Martha Kanter, an Obama administration education undersecretary, is preparing to step down, according to an email obtained by The Huffington Post.
Kanter has served in the Education Department since 2009, when she was confirmed as undersecretary. She has overseen higher education policies, such as student aid and adult education. According to her official bio, she is the face of Obama's plan to ensure that the U.S. have "the best educated, most competitive workforce in the world by 2020."
In a departure memo sent to administration staff Tuesday evening, confirmed by Education Department spokesman Cameron French, Kanter said she will transition out of her job "to return to academia." She did not give details. She said she will leave in the fall, but only after the agency finds a replacement.
Her departure thins out the ranks of the Education Department's first-term upper echelons. Until recently, the department lacked heads for its preschool and civil rights offices, and a general counsel. Those positions were filled recently. Press secretary Daren Briscoe's last day was Friday, and the department hasn't found a permanent replacement for Alexa Posny, who oversaw special education initiatives. (For the special education slot, officials say, the acting employee has been chosen to fill the slot permanently, pending confirmation). The department has "acting" leaders in charge of "innovation and improvement," "planning, evaluation and policy development" and communications.
In higher education, the transition may be tricky. President Barack Obama last month promised to "shake up the system" of higher education. He didn't go into detail, and administration officials have declined to do so. Obama said this would involve controlling college costs and improving the value of a post-secondary degree.
Kanter oversaw the implementation of tremendous changes to the federal Pell grant program and new rules on student loans. Before arriving at the Education Department, she served as chancellor of the Foothill-De Anza Community College District in California. Before that, she worked as a high school teacher, then in various administrative roles in California's community colleges chancellor's office.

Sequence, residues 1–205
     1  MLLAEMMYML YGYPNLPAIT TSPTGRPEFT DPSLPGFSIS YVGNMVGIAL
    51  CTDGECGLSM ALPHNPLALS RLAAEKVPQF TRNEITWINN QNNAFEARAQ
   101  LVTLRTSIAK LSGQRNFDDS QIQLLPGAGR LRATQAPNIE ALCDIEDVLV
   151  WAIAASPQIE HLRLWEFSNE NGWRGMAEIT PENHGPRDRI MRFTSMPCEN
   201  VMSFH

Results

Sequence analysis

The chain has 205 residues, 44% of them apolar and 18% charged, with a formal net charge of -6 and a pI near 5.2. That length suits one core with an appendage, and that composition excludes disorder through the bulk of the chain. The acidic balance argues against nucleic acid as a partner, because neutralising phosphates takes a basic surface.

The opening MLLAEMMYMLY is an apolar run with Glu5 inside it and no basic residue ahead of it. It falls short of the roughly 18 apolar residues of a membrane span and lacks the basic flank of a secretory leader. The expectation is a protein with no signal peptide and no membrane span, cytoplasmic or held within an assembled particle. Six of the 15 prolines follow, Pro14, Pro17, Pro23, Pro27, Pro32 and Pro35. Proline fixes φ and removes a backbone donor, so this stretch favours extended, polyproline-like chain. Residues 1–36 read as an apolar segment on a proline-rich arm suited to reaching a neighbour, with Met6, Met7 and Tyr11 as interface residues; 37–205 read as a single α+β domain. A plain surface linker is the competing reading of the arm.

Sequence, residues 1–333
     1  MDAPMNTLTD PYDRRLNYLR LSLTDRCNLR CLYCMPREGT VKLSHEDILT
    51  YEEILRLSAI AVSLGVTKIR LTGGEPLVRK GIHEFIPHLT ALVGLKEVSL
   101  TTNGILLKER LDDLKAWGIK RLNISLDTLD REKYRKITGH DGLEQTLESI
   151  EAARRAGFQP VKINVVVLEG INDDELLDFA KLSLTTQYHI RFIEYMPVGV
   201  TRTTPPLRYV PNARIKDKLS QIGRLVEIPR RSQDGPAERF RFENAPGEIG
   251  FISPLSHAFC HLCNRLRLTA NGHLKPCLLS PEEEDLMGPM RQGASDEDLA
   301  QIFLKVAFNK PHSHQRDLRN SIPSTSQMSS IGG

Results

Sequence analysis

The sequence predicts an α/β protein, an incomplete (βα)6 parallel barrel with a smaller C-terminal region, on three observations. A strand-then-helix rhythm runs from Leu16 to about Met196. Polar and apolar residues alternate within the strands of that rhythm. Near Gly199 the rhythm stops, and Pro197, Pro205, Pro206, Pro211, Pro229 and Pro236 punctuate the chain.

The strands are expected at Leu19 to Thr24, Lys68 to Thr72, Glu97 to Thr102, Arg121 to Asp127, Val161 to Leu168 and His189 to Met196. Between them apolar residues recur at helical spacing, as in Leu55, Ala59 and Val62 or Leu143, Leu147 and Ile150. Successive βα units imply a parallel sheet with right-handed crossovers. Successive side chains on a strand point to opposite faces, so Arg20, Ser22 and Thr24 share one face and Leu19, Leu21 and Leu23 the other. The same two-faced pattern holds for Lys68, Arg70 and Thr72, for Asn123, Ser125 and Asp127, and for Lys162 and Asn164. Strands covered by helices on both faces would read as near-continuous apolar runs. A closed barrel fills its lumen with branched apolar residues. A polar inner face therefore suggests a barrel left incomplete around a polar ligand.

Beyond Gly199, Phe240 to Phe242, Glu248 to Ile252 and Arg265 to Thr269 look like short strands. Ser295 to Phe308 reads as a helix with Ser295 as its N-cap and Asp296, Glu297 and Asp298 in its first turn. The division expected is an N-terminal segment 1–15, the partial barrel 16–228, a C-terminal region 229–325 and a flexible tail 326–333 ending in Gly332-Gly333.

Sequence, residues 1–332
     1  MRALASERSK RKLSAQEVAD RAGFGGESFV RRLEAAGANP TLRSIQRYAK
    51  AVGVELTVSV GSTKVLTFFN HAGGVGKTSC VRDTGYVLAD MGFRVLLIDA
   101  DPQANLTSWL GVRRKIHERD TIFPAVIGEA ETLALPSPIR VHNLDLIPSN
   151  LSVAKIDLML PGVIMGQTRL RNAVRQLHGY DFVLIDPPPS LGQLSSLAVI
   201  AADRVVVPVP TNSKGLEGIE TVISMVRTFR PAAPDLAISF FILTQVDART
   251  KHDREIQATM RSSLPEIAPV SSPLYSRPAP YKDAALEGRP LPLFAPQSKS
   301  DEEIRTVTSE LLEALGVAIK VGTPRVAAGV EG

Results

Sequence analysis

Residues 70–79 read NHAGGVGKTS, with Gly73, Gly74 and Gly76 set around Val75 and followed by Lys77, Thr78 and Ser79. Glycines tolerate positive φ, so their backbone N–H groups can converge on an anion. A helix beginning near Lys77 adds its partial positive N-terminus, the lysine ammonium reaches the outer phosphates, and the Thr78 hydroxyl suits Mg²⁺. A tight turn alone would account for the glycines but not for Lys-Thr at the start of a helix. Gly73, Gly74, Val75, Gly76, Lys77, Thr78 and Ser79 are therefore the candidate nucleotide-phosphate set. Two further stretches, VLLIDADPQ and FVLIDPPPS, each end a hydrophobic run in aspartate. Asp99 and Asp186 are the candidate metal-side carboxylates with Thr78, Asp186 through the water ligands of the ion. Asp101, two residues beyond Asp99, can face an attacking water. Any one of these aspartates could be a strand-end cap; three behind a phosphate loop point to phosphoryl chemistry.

"Serving as your Under Secretary has deepened my understanding and appreciation of what 'service to improve the public good of our nation' really means," Kanter wrote. "The promise and power of delivering good government to our students and families is a tireless, phenomenal effort, often with few external rewards if done honestly, fairly and well."
Read the full memo below.
For more than four years, it has been my honor and privilege to serve our country under President Obama. Together we have accomplished important milestones in improving education for Americans at all levels, especially for those most in need. I know from experience that great teaching, learning and research have the power to transform our nation and the world. To build on the work and considerable outcomes we have achieved, I have decided to return to academia and will leave federal government service this fall.
Delivering a world-class education for all is what I have dedicated my life to get done every day. Serving as your Under Secretary has deepened my understanding and appreciation of what “service to improve the public good of our nation” really means. The promise and power of delivering good government to our students and families is a tireless, phenomenal effort, often with few external rewards if done honestly, fairly and well. What unfolds each and every day never ceases to amaze me, even now. I could never have imagined a more exciting and challenging opportunity. For that I thank President Obama, Secretary Duncan and each of you.
Over the next few months, my priority is to ensure a seamless transition for the Department until a new Under Secretary comes on board. I remain committed to achieving the goals for our nation’s postsecondary students, institutions and communities: access, affordability, quality and completion. I will continue to pursue these ends during this transition period and beyond.
I have assured Secretary Duncan that the postsecondary team will continue to advance our ambitious statutory, regulatory and administrative agenda. We can’t afford to miss a beat as you all know. For me, it is simply that single, unwavering commitment to help our students and institutions aspire to excellence that inspires me each and every day.
As always, I welcome your ideas and feedback about our work going forward. Thank you for all that you continue to do and for the opportunity to serve as your Under Secretary of Education.
Full speed ahead!